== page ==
A Regency with a different setting
The final cover for Krakow Waltz, my "Polish Regency", to be published next year, has arrived (left). The photograph used for the background is really Krakow - it's a detail from a picture I took when visiting the city a few years ago.
Krakow is a place close to my heart. I have visited enough times to have lost count, and my mother mother's family still live there. My grandparents met there during the Second World War. A terrible time for many in the city, but their story has a touch of romance. It was winter, bitterly cold, and my grandmother came across my grandfather selling nylons out of a suitcase in the market and thought he looked chilled and under-nourished and so took him home to feed him up.
I was interested to discover that at the Vienna Peace Settlement in 1815, Krakow was designated a "free city". (The rest of Poland was divided between Russia, Prussia and the Austrian Empire.) Along with civic and cultural "improvements", such as tearing down the old medieval walls to make a circular park ("Planty") around the old city centre, it would have been rather a melting-pot where the cause of Polish nationalism lived on. The city was a mixture of narrow medieval streets and newer boulevards. Having walked the streets of Krakow Old Town it is easy to imagine them as a setting for intrigue. While the nobility largely adopted the (French) fashions of Europe, there remained pockets of "Polishness", and in Krakow Waltz, I left the city for a time, taking the characters into the countryside where there meet wolves and wild boar, and where the banquets are in "the old Polish style".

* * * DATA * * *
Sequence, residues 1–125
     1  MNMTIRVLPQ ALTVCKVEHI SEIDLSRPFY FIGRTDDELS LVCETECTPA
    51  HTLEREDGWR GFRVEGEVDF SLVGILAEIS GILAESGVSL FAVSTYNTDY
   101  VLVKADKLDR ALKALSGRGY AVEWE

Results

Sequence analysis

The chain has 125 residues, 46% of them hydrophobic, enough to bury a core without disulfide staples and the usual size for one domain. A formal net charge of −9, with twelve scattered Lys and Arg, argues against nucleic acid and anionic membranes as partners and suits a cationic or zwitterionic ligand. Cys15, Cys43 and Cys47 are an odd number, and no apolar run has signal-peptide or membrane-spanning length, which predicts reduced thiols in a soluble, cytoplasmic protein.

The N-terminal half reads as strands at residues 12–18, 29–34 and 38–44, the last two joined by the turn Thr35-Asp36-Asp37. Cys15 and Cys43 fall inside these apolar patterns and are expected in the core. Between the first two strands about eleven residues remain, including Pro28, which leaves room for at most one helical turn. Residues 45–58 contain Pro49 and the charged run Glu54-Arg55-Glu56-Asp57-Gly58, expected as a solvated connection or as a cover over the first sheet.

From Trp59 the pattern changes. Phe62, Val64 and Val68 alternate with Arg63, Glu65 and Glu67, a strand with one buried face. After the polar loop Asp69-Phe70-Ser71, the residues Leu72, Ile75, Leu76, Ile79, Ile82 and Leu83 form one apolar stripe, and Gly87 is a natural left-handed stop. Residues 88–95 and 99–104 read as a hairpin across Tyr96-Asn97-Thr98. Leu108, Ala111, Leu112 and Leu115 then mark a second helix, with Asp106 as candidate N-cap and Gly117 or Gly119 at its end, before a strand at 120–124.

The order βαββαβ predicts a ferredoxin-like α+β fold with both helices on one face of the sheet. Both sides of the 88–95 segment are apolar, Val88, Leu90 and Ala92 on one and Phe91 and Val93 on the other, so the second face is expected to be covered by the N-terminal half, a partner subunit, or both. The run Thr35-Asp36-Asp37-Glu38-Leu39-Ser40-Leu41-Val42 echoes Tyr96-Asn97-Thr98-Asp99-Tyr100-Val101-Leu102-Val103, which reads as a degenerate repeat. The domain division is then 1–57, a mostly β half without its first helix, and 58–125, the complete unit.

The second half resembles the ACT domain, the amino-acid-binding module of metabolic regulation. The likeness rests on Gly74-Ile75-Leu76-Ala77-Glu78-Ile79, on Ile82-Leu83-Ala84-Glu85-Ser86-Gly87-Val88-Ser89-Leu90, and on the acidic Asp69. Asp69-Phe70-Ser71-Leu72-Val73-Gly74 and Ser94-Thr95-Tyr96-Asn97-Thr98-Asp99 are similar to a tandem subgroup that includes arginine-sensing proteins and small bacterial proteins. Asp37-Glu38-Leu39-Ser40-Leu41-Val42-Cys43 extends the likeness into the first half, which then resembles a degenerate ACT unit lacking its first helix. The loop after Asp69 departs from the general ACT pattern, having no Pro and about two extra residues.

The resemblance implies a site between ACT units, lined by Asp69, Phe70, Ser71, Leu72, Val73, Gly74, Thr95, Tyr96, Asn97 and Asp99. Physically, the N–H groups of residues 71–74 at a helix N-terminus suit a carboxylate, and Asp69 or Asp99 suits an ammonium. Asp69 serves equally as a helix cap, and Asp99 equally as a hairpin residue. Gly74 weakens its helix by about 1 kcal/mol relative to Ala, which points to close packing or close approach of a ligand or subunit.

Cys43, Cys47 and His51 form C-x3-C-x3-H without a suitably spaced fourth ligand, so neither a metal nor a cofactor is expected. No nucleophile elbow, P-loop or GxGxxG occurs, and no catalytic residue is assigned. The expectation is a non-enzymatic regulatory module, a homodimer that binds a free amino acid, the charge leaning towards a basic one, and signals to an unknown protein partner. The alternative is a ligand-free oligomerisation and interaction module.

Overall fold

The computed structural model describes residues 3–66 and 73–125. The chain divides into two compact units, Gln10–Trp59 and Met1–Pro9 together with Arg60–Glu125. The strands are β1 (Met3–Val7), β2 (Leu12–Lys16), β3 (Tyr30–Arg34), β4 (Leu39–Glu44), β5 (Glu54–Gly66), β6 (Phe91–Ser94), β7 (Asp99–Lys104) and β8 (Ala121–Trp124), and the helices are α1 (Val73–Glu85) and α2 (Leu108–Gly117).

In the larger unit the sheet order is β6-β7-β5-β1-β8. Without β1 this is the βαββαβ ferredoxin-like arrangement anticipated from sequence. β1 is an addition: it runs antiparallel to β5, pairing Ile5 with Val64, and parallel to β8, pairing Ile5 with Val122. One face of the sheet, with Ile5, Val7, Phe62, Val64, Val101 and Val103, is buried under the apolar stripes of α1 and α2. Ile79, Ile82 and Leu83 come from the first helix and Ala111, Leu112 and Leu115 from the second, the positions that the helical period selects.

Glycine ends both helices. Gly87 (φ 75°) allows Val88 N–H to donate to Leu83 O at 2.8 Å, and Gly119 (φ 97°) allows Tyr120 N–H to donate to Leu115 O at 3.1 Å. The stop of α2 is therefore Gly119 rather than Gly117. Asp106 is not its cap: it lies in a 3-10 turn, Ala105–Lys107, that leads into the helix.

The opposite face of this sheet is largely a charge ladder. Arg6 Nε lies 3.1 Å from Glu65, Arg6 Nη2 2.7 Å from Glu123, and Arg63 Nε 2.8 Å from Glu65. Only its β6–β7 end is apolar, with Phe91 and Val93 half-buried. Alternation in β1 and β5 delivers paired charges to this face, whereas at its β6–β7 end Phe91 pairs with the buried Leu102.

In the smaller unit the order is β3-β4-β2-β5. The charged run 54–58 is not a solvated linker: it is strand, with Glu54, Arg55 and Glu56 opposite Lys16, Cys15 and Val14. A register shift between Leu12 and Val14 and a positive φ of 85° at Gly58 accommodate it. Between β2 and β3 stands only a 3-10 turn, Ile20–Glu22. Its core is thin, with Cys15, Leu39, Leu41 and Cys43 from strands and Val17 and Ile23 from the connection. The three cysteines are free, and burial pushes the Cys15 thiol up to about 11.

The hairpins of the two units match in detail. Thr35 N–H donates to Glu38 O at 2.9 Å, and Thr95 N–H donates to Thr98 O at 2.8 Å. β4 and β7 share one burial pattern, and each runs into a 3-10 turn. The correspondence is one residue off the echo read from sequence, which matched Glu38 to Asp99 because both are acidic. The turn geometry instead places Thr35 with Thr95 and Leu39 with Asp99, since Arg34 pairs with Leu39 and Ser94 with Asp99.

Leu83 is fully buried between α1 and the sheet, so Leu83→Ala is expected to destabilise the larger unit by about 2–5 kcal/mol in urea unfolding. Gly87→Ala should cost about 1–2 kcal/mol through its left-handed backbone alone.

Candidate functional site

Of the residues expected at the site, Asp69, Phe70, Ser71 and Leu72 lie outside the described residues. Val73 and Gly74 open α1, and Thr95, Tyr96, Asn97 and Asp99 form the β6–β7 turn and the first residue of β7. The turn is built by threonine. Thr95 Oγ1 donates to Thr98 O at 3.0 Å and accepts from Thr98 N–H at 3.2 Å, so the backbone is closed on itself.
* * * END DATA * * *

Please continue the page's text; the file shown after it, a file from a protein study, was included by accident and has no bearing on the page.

Krakow in the second decade of the nineteenth century seemed to me to be calling out to be the setting for a Regency adventure and romance and I'm very much hoping readers will enjoy the unusual setting.